As I prepare to write this, I realize that I can't really write any kind of real information about the history of Venice in such a small space. What I can do, is tell you what I like about the the historical part of Venice. First of all, I love the John Nolen plan for the city. I am sure you are familiar with John Nolen, who was world-renown for city planning. Dr. Fred Albee bought almost 3000 acres from Mrs. Potter Palmer in 1925 and he hired John Nolen t design a city on this land. Dr. Albee then sold his land to the Brotherhood of Locomotive Engineers and they asked John Nolen to complete his plan for the city on the Gulf.
Venice is laid out beautifully with lots of green park space, broad streets, and a Northern Italian design theme. If you look at a map of Venice, you still basically see John Nolen's street grid plan with several curvilinear streets, and I think that is what makes Venice so charming.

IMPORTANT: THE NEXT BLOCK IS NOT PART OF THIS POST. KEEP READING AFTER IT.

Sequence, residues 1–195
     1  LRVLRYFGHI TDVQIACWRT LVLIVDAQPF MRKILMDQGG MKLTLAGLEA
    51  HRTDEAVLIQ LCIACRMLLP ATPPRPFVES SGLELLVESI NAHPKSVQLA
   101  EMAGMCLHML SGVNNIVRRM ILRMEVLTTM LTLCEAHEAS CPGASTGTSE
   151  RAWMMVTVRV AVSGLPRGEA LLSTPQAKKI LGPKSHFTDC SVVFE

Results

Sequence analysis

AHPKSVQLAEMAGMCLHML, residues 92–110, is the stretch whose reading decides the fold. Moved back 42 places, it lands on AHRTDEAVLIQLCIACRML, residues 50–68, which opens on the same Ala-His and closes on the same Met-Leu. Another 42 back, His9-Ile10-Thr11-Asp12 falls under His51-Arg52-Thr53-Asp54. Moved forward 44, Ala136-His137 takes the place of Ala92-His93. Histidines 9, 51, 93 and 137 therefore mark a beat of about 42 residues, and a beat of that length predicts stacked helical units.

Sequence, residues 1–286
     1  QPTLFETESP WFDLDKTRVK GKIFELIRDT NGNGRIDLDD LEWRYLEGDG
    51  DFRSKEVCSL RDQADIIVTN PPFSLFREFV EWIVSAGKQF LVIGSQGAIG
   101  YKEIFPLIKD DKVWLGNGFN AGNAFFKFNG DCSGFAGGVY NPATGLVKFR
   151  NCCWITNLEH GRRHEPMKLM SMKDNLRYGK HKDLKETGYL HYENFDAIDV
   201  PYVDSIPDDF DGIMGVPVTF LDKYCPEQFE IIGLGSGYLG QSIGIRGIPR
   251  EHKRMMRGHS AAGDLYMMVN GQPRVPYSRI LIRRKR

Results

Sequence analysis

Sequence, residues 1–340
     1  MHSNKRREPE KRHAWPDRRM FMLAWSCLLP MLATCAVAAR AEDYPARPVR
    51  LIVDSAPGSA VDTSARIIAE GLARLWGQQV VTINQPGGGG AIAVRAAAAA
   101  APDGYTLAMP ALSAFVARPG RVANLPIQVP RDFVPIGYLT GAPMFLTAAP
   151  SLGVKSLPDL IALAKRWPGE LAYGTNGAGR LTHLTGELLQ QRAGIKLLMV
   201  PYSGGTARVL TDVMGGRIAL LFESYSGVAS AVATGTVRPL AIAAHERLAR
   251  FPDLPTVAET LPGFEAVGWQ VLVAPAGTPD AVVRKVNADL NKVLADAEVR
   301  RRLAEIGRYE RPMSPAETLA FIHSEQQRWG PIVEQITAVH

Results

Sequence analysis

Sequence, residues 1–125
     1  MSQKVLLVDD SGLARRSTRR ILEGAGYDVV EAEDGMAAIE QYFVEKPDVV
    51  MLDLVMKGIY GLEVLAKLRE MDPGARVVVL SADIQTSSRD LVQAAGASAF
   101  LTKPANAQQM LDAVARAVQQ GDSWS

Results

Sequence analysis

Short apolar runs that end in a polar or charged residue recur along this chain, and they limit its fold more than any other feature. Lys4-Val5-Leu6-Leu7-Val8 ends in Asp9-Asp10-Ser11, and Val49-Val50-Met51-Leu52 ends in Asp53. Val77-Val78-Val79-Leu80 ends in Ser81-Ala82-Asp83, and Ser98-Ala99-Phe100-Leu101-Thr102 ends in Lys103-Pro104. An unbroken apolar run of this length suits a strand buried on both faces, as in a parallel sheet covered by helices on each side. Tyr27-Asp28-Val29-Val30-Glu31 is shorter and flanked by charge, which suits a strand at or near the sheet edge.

|Venice Avenue in the 1920s as seen in a photo from the Venice City Archives|
Of course, there is much early history starting in the 1870s with Richard Roberts settling in the area, and continuing in 1882 with Frank Higel and his family. The railroad was completed to Venice in 1911, at the behest of Mrs. Palmer who purchased 60,000 acres for development. I won't even touch the whole history of the Indians in are area, which was long before Mr. Roberts and Mr. Higel.
If you would like to know more, the Venice Archives and Area Historical Collection are available at the Triangle Inn, which is located behind the library and the Community Center. I also had my memory refreshed by a book I have, Districts and Structures on the National Register.
I hope you have enjoyed these posts about Venice, and if you are not familiar with this area, I do hope you will come and explore. It has been a lovely place to raise our family and to settle for the last 30 years. It is quiet, unassuming, and simply divine.